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Change- some additional notes

In a CIPD survey in 2005 it was noted that: On average a major reorganisation every 3 years, minor restructure every year; In less than 25% were employee related goals important 85% lead to redundancies and 66% some hiring 50% fail to achieve intended improvements and 66% fail to improve employee related factors 82% of cases employees informed about reorganisation, but prior participation in only 33% Reorganisations are mainly based on prior experiences of senior management rather than systematic benchmarking and learning

Chapter 18 in the set text outlines a number of models (approaches) to change see for example Lewin, Kotter, Dawson pp576 583)

This factsheet gives introductory guidance. It:

looks at why organisations change introduces change strategies comments on organisational and individual issues considers HR's role and how change can be managed more effectively includes the CIPD viewpoint.

Why organisations need to change

Many things cause organisational change. These include:

challenges of growth, especially global markets challenge of economic downturns and tougher trading conditions changes in strategy technological changes competitive pressures, including mergers and acquisitions customer pressure, particularly shifting markets to learn new organisation behaviour and skills government legislation/initiatives.
Research indicates that organisations are undergoing major change approximately once every three years, whilst smaller changes are occurring almost continually. There are no signs that this pace of change will slow down. In this context managers have to be able to introduce and manage change to ensure the organisational objectives of change are met, and they have to ensure that they gain the commitment of their people, both during and after implementation. Often, at the same time, they also have to ensure that business continues as usual. For these reasons, it is important that the way change is managed is carefully considered by organisations. Whilst each change situation will be unique, there are still a number of common themes that will help ensure that the change process stands the greatest chance of success.

Why is change management relevant?

Change management is relevant as, though the research finds that change is taking place at an ever-increasing pace, the evidence suggests that most change initiatives fail. For example, recent CIPD research suggested that less than 60% of re-organisations met their stated objectives which are usually bottom line improvement. This is consistent with other published research. The impact of failures to introduce effective change can also be high: loss of market position, removal of senior management, loss of stakeholder credibility, loss of key employees. Finally, one organisational response to change is that organisational forms are themselves evolving. Therefore, the change management response will have to be adaptive. For example, the increased competitive challenges and the need to be responsive to the changing environment are resulting in emerging organisational models. Traditional organisational models following functional or matrix lines are being supplemented by new models. These might rely on project teams, on networks and on virtual structures. In theory, certain of these newer models, for example virtual and project-based structures, allow increased flexibility to respond to change. However such models are not always introduced uniformly, and in practice often introduce other issues that also impact upon change management, for example ability to share knowledge and to operate efficiently. These may also impact effectiveness of communication or employee commitment, which themselves have implications for change effectiveness. CIPD research1 highlights how the move towards network-based organisations means that HR managers must now consider issues that exist across and outside the boundaries of the firm: they need to address the concerns of cross-boundary human resource management. This requires the development of a series of boundary-spanning HRM practices which involve the extension of practices which are traditionally used only for employees (that is, individuals contracted to the organisation) to these important people who are outside the boundaries of the organisation (that is, individuals contracted to a different organisation or self-employed but who deliver services within the organisation).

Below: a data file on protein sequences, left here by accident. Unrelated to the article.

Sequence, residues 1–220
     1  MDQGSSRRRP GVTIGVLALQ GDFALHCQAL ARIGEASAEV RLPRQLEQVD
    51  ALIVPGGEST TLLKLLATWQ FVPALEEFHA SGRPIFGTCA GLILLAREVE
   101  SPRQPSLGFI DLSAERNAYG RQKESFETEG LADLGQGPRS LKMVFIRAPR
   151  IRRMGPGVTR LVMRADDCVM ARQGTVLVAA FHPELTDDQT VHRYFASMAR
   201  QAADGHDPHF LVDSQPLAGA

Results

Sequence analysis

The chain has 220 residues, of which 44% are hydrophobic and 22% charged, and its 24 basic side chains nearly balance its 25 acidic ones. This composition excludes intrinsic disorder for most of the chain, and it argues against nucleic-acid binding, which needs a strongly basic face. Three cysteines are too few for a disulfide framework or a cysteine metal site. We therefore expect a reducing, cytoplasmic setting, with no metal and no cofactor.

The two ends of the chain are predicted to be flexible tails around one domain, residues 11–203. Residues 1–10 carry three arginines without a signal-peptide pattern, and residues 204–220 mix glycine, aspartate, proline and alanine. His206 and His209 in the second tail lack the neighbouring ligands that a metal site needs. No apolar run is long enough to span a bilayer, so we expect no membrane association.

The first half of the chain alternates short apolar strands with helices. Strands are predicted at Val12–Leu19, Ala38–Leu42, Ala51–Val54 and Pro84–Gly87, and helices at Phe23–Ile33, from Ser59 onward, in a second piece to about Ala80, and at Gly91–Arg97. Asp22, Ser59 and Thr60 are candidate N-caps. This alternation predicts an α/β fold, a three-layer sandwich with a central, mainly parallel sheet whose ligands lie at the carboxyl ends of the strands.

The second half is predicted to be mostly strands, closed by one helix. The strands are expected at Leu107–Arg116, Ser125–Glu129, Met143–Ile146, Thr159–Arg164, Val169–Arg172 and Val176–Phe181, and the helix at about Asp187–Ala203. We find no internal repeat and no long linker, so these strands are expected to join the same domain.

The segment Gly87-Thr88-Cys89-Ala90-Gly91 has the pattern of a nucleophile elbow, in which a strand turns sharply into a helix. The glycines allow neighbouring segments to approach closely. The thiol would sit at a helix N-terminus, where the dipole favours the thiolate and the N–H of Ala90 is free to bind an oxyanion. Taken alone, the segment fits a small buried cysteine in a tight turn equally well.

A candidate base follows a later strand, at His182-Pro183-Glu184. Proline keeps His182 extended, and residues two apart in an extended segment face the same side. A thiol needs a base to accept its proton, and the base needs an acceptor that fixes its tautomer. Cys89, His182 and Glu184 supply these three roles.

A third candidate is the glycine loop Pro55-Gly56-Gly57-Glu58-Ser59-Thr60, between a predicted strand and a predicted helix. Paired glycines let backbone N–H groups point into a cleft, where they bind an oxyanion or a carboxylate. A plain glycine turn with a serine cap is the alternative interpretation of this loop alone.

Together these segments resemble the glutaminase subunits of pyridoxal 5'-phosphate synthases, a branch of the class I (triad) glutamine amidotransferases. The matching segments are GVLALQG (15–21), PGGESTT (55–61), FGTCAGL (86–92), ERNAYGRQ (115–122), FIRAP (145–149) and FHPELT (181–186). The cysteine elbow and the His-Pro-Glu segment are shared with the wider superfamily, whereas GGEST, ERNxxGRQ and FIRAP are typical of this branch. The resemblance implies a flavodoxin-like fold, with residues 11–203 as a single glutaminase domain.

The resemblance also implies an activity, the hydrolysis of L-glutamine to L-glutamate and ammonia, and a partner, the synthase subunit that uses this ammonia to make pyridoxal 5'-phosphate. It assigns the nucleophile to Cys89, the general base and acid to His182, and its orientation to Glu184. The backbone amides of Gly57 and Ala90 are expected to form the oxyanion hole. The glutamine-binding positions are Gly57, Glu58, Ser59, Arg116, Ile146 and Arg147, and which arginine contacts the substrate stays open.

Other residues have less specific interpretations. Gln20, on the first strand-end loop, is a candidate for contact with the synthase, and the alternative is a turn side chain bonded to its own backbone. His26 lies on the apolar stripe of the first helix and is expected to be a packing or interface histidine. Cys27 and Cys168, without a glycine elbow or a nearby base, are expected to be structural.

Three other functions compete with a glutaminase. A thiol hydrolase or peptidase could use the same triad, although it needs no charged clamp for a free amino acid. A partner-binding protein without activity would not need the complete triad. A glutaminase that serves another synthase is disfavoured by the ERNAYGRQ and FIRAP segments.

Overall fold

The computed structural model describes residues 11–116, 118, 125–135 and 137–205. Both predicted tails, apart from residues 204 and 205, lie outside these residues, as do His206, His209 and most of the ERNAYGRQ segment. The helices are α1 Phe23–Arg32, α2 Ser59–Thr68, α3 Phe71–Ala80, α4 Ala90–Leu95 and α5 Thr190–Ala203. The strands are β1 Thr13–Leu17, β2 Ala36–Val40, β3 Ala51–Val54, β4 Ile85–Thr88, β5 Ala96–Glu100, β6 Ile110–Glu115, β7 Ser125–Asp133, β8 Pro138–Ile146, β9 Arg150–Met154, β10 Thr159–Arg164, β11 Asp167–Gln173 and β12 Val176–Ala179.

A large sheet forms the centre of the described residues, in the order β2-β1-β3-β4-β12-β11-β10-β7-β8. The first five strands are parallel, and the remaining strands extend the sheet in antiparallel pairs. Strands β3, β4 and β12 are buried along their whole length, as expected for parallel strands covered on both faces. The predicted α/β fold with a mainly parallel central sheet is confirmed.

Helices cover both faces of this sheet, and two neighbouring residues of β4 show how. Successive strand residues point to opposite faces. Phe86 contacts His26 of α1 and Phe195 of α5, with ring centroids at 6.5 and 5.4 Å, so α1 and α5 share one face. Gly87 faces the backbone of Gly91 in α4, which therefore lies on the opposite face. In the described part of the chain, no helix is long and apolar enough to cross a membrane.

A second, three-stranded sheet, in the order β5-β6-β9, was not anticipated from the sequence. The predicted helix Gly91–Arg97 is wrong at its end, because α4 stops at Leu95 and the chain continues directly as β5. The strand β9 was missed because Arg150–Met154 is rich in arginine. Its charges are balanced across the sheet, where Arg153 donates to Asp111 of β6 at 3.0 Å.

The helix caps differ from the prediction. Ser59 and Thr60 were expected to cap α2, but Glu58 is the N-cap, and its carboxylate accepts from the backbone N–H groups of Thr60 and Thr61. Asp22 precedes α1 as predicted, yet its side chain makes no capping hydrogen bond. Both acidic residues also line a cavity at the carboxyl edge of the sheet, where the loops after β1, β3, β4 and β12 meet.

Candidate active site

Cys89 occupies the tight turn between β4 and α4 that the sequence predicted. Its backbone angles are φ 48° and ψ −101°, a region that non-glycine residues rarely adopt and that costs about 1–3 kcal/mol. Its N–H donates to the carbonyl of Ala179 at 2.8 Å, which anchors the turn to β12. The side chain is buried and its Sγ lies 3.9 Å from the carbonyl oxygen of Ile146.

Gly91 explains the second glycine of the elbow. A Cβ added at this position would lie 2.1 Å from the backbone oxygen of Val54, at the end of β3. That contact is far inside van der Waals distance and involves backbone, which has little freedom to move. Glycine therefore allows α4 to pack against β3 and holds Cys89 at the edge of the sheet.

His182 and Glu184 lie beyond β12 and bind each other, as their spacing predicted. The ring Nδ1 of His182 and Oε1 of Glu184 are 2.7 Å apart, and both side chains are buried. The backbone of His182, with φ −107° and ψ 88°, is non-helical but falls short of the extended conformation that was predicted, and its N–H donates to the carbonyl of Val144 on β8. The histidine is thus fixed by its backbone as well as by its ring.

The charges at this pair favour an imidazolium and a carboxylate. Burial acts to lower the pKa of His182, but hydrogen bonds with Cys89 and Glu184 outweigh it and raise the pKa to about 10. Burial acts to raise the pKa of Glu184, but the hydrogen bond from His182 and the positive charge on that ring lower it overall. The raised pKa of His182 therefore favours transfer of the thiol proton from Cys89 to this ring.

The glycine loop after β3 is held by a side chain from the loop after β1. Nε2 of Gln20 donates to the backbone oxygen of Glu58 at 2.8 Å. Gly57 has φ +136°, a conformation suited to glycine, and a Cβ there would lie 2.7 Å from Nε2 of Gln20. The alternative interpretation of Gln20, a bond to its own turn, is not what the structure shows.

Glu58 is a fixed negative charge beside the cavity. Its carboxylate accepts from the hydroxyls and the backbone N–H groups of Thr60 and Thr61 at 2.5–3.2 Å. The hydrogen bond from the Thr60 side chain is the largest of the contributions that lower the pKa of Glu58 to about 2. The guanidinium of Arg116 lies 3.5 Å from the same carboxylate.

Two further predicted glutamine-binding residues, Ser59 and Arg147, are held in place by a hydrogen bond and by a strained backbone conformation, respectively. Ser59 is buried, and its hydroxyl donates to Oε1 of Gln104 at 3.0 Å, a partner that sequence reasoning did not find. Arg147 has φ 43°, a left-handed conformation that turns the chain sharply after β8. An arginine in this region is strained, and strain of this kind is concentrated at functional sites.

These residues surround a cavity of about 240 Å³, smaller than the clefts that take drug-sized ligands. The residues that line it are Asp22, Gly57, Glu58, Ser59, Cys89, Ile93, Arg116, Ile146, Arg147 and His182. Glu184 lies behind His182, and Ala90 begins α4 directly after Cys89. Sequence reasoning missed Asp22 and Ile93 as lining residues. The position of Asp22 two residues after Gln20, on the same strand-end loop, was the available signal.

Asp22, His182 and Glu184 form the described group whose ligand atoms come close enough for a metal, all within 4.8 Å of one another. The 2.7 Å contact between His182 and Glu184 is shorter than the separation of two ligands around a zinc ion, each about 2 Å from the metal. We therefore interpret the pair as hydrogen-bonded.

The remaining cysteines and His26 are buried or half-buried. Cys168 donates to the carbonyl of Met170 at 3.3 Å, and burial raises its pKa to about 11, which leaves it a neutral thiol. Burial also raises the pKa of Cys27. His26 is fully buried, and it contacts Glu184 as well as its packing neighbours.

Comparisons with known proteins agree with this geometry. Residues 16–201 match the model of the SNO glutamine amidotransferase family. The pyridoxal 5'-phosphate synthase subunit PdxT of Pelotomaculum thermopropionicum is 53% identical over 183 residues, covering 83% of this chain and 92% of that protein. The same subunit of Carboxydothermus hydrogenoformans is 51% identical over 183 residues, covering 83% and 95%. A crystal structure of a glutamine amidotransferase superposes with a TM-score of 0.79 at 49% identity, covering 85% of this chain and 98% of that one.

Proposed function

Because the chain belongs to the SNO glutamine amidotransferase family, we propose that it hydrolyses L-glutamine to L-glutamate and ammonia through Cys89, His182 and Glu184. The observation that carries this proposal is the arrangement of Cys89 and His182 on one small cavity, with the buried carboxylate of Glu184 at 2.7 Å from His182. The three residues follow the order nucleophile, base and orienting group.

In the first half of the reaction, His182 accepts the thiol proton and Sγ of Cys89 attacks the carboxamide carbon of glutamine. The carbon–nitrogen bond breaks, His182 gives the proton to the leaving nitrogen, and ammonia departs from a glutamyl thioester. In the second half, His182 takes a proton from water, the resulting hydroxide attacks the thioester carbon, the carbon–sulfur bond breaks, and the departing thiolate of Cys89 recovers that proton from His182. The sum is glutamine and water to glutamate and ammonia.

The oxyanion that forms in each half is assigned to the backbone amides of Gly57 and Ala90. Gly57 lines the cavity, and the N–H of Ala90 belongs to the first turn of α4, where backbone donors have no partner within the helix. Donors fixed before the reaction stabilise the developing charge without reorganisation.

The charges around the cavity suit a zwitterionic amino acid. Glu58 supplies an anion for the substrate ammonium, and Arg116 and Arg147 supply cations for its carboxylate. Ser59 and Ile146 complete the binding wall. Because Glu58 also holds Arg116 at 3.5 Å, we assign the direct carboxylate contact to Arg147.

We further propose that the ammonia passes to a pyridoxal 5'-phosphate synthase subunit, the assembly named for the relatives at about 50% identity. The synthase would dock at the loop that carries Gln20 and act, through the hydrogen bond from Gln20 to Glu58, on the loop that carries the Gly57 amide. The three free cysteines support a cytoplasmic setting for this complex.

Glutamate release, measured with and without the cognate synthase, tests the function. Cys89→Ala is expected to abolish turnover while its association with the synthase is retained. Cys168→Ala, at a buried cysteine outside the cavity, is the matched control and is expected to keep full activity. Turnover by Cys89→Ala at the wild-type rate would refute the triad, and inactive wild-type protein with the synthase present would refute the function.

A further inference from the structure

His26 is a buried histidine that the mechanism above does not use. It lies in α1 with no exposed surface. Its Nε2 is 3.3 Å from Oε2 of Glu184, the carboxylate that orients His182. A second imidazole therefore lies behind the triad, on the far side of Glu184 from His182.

What issues have been identified in the change management process?